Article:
Equipment, software, and leasehold improvements, net
   
1,103
     
1,065
 
                 
Software development costs, net
   
599
     
615
 
Goodwill
   
16,709
     
13,170
 
Intangible assets, net
   
8,454
     
6,080
 
Deferred tax assets
   
7,049
     
5,461
 
Operating lease - right of use assets, net
   
4,071
     
-
 
Other assets
   
64
     
49
 
Total assets
 
$
68,996
   
$
61,440
 
                 
LIABILITIES AND STOCKHOLDERS' EQUITY
 
Current liabilities:
               
Current portion of long-term debt, net of debt issuance costs and original issue discount
 
$
4,773
   
$
1,902
 
Accounts payable
   
1,879
     
1,307
 
Accrued expenses
   
1,145
     
2,646
 
Accrued compensation
   
3,006
     
3,649
 
Billings in excess of revenue earned
   
6,165
     
10,609
 
Accrued warranty
   
1,136
     
981
 
Income taxes payable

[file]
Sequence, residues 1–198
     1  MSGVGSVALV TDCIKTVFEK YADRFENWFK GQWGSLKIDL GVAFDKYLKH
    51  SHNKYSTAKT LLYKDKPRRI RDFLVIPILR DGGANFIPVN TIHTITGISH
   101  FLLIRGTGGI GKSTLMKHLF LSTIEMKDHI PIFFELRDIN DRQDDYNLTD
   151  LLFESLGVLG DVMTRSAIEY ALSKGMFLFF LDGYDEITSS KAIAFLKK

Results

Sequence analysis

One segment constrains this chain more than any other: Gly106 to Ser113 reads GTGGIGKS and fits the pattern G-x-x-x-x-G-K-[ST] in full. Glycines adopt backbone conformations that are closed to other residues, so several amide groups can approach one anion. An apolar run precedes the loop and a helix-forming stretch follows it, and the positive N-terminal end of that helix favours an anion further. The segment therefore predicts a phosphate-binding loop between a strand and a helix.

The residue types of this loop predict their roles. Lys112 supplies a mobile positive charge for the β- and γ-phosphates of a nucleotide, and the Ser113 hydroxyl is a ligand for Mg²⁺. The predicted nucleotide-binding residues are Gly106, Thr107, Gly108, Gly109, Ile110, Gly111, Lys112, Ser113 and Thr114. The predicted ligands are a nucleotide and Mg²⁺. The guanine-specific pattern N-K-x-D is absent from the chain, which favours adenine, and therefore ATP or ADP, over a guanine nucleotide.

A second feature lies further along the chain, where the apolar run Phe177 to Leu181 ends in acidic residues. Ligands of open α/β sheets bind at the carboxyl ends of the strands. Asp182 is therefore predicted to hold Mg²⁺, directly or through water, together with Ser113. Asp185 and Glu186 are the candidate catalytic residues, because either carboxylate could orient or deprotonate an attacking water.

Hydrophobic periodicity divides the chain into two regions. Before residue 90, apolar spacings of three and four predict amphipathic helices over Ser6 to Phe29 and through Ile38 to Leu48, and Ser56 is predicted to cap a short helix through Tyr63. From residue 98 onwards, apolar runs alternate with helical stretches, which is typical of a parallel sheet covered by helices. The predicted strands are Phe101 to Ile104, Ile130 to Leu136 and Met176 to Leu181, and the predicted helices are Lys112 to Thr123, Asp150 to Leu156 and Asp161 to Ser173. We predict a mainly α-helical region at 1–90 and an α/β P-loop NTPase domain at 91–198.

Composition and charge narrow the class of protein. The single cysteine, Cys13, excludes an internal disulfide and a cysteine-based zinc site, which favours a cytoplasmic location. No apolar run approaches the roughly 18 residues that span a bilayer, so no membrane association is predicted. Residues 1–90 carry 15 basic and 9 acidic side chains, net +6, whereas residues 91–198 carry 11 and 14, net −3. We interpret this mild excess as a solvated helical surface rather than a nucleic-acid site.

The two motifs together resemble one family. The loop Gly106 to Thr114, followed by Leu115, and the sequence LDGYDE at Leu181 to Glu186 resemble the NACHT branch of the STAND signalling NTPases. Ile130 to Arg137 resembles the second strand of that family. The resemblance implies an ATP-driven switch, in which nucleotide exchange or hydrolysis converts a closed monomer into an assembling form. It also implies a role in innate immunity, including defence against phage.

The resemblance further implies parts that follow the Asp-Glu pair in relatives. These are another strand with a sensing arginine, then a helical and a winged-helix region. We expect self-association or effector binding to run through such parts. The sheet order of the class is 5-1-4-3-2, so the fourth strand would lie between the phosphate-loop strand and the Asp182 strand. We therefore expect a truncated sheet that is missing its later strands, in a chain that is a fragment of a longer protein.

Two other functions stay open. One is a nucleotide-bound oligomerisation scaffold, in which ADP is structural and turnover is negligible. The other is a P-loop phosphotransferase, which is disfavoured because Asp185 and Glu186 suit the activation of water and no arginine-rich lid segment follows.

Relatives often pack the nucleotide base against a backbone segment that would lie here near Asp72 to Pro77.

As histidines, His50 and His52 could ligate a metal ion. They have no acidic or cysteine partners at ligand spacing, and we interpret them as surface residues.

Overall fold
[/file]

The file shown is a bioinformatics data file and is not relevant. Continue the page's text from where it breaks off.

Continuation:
1,163
     
1,176
 
Other current liabilities
   
1,133
     
60
 
Total current liabilities
   
20,400
     
22,330
 
                 
Long-term debt, less current portion, net of debt issuance costs and original issue discount
   
16,161
     
6,610
 
Operating lease liabilities
   
3,439
     
-
 
Other liabilities
   
1,375
     
1,371
 
Total liabilities
   
41,375
     
30,311
 
                 
Commitments and contingencies
               
                 
Stockholders' equity:
               
Preferred stock $0.01 par value, 2,000,000 shares authorized, no shares issued and outstanding
   
-
     
-
 
Common stock $0.01 par value; 60,000,000 shares authorized, 21,698,635 shares issued, 20,099,724 shares outstanding as of June 30, 2019; 60,000,000 shares authorized, 21,485,445 shares issued, 19,886,534 shares outstanding as of December 31, 2018
   
217
     
214
 
Additional paid-in capital
   
79,028
     
78,118
 
Accumulated deficit
   
(46,930
)
   
(42,569
)
Accumulated other comprehensive loss
   
(1,695
)
   
(1,635
)
Treasury stock at cost, 1,598,911 shares on June 30, 2019 and December 31, 2018
   
(2,999
)
   
(2,999
)
Total stockholders' equity
   
27,621
     
31,129
 
Total liabilities and stockholders' equity
 
$
68,996
   
$
61,440
 

The accompanying notes are an integral part of these consolidated financial statements.


3

GSE SYSTEMS, INC. AND SUBSIDIARIES
CONSOLIDATED STATEMENTS OF OPERATIONS